Now, any band that nets solid fandom and popularity for longer than a few years eventually will reach the “damned if you do, damned if you don’t” portion of their career. Some will view their latter-day work as tepid or even call it a dreaded “sell out,” because it is different than the older material that made them famous. But if an artist tries to blatantly mimic their older work, they will be called boring and a one-trick-pony. You can’t win. Personally, I’m for any artist making the exact kind of art they want to make and if that’s going down a new, uncarved path? Even better. At the end of the day, the only person any creative owes something to is themselves and their vision. All of this was part of the crossroads the band had reached by ‘88.
Adding further insult to injury was the music video for “Disco Dancer” being played on the MTV viewer-call-in segment, “Smash or Trash,” which basically was the mean spirited older brother to Total Request Live (TRL). Viewers could call in and deem the video one or the other, which is a bit like busting out a piece of Fluxus art at a raffle at the local VFW. Rating any song in such a format is the greasiest bit of game show cheese and unfortunately though not surprisingly, the video was “trashed,” placing it as persona-non-grata on MTV’s airwaves afterward.
This is the soil that Devo had to till with when they went on tour to support Total Devo. Judging by some (more than likely) bootleg footage that has shown up online, the venues are a little smaller with the show design (IE. outfits, projected graphics/video, etc) being much more stripped down. For a lesser band, all of this would be a sign of the music and performance going past its prime. But Devo was far from lesser and committed to a tour that was strong enough to warrant its own concert album in the form of their 1989 live album, Now it Can Be Told: Devo at the Palace.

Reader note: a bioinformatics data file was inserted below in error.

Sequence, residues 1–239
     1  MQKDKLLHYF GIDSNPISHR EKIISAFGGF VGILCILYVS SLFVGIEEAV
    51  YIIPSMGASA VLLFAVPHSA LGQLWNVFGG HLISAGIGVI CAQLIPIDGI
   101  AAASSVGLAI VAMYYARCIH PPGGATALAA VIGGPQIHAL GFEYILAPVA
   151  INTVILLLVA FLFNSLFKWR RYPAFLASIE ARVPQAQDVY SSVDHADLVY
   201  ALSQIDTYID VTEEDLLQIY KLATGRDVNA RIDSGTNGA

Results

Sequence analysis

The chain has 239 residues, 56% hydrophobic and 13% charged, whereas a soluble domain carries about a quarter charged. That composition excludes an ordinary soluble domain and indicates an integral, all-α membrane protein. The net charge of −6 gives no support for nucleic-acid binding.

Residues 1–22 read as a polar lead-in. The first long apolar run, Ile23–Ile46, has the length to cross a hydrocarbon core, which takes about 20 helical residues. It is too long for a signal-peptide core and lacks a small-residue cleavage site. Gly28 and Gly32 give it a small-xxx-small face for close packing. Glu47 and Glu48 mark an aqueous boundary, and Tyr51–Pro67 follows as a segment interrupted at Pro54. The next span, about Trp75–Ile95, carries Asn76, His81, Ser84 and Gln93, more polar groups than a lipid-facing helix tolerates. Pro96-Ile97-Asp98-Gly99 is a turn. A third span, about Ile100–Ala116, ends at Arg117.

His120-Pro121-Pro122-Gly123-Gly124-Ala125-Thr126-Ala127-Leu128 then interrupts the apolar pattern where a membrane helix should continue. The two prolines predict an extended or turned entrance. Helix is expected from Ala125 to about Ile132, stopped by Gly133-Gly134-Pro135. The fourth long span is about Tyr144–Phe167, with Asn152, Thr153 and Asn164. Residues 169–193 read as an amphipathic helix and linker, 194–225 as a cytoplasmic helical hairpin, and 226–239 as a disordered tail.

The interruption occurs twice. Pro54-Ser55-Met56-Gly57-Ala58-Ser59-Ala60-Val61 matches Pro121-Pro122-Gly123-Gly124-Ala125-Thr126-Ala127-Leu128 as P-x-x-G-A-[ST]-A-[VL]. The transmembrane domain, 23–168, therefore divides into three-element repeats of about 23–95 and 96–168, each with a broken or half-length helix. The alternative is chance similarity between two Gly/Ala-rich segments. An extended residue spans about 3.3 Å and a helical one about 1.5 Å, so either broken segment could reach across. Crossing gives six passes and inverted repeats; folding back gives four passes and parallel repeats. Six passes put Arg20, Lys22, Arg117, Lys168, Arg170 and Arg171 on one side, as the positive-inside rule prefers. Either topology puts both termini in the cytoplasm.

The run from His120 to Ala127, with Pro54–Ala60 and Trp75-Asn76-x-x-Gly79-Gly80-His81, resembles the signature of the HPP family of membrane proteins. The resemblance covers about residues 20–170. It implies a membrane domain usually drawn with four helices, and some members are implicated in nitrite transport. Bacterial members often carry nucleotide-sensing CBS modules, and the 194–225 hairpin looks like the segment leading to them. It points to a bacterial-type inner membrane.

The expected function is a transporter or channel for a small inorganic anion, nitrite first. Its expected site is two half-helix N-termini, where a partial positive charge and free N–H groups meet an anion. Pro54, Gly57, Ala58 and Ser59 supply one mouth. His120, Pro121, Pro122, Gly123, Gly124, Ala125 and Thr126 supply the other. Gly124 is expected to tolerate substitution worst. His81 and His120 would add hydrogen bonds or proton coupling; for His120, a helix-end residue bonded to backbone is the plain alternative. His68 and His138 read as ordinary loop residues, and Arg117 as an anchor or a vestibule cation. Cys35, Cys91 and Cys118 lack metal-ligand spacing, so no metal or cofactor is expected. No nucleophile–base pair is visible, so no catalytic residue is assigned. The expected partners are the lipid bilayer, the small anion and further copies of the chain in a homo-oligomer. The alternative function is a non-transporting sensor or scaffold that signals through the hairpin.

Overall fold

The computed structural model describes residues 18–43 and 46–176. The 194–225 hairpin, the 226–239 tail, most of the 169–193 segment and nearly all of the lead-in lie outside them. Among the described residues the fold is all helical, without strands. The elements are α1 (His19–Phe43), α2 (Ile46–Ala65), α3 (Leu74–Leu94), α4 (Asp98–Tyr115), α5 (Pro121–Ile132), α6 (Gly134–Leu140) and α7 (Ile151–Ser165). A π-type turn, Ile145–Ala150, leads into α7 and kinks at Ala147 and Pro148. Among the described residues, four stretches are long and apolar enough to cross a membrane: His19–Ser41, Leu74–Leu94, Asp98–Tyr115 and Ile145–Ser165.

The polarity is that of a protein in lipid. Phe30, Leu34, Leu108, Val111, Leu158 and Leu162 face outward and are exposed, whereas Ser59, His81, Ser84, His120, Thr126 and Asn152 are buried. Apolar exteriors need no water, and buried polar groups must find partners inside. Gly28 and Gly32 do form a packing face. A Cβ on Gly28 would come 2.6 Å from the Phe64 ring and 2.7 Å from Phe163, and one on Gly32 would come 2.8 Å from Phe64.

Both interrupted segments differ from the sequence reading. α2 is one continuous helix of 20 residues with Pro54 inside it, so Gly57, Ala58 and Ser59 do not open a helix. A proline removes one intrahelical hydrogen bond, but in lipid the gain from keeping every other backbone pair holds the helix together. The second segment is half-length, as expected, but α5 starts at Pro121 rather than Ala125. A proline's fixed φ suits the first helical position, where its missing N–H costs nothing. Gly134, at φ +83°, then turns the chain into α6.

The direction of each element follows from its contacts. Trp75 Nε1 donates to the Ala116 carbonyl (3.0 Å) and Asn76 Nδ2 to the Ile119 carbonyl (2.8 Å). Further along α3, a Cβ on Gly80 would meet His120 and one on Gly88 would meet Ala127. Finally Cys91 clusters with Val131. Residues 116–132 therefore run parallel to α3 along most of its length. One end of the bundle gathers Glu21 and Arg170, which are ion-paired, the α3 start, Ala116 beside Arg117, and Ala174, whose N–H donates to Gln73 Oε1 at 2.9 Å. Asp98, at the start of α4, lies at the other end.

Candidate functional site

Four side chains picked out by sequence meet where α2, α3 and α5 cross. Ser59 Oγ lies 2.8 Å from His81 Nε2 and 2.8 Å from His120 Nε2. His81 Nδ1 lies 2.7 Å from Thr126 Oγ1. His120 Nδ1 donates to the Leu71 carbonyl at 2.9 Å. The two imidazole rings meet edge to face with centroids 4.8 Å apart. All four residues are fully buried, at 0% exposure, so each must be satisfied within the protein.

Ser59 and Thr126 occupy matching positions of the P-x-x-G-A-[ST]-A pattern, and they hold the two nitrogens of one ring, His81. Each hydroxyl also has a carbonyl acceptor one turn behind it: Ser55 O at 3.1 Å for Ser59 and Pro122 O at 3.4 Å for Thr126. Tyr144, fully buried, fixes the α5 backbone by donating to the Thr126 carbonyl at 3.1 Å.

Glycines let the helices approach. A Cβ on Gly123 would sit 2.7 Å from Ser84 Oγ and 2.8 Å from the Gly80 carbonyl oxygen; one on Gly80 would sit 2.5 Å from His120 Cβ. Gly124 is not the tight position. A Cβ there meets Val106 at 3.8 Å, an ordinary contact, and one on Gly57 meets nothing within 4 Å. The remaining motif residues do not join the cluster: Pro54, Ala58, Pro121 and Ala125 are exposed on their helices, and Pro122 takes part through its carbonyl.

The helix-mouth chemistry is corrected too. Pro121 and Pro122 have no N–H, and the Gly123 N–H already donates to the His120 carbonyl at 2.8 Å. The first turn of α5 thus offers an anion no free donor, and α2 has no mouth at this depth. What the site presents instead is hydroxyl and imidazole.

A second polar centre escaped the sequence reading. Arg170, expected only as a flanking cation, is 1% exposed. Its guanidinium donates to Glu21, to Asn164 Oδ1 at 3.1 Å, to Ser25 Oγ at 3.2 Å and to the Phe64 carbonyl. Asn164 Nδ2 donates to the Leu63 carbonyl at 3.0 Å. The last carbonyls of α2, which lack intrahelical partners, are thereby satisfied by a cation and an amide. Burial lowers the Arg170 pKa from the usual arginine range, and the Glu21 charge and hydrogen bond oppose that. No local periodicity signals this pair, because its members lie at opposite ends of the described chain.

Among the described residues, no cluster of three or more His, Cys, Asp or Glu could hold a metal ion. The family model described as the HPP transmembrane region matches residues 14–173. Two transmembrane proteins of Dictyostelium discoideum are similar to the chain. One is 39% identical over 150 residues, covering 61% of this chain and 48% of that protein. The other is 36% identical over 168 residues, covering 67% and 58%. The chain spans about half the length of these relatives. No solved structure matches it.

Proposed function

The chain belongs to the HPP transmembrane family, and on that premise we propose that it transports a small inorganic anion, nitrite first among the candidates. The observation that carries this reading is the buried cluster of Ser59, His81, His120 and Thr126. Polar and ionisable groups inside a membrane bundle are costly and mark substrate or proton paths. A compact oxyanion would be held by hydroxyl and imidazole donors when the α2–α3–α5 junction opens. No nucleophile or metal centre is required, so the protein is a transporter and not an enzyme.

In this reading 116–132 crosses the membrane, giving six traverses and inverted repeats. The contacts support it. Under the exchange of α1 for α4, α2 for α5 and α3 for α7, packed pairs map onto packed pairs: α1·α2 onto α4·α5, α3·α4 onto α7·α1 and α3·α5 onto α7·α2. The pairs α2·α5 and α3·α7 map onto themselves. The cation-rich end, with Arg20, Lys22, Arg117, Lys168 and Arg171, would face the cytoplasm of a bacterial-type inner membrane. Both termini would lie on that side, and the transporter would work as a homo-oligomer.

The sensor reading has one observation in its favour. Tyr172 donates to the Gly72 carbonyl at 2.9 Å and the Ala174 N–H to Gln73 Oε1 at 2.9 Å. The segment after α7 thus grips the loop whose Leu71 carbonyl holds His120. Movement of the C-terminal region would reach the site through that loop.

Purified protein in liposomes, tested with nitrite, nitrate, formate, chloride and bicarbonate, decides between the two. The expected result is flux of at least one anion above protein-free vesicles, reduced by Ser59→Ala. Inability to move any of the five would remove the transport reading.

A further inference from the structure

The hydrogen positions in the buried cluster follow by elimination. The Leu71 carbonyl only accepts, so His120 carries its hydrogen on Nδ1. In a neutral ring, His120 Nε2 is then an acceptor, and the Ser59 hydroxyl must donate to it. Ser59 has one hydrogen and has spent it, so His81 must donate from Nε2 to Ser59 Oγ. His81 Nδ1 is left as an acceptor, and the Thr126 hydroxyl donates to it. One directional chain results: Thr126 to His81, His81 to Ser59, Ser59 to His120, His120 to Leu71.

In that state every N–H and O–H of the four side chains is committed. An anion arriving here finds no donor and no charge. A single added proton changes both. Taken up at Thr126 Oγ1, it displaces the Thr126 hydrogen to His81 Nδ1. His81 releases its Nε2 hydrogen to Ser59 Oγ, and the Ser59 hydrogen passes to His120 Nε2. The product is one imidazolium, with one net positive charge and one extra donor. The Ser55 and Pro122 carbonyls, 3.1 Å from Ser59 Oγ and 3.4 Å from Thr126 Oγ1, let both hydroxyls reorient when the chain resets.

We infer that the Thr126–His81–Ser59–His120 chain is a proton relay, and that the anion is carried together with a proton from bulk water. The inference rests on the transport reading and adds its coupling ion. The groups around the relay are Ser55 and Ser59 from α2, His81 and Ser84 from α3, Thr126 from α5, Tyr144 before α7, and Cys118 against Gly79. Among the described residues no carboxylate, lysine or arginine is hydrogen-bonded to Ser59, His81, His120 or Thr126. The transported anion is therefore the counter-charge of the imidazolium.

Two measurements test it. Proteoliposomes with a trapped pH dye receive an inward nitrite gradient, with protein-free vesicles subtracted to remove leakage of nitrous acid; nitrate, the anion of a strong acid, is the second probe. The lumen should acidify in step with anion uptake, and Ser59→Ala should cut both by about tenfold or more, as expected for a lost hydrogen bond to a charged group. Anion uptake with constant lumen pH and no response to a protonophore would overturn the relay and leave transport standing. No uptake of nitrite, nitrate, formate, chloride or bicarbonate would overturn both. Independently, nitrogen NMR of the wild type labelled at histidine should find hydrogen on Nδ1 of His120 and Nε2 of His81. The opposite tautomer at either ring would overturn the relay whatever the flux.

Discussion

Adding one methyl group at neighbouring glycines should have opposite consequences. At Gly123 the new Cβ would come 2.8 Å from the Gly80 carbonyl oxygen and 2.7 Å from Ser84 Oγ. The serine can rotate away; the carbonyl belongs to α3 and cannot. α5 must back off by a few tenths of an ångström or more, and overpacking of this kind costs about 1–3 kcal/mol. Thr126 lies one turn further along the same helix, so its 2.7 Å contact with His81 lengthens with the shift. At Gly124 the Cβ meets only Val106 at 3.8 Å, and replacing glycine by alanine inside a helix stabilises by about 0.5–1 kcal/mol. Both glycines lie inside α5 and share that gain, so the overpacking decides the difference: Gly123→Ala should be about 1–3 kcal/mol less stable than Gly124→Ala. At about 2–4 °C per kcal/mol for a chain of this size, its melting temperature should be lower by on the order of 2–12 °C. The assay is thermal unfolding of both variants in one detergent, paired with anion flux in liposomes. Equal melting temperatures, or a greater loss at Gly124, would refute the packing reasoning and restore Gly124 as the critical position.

This is a great and incredibly solid live album that ends with one of the band’s most fantastic, heart-wrenching and yet still danceable creations. The “Somewhere with Devo” medley merges “Shout” (still one of the band’s best singles), a cover of the song “Somewhere” from the 1957 musical West Side Story, and “Disco Dancer.” This composition actually dates back to an 18-minute long studio demo, that according to devo.fandom.com, dates back around 1986/87. (The live version is significantly trimmed down to a leaner and meaner 11 minutes.)